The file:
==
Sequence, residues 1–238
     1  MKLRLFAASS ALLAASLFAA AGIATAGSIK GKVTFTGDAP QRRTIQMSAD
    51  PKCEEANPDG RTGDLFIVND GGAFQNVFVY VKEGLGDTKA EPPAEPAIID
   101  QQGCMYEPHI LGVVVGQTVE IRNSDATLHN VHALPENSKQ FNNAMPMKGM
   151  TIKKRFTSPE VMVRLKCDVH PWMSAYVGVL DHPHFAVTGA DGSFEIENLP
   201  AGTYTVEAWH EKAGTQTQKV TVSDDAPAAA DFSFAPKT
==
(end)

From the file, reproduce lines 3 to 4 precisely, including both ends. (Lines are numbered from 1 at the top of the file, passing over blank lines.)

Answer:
    51  PKCEEANPDG RTGDLFIVND GGAFQNVFVY VKEGLGDTKA EPPAEPAIID
   101  QQGCMYEPHI LGVVVGQTVE IRNSDATLHN VHALPENSKQ FNNAMPMKGM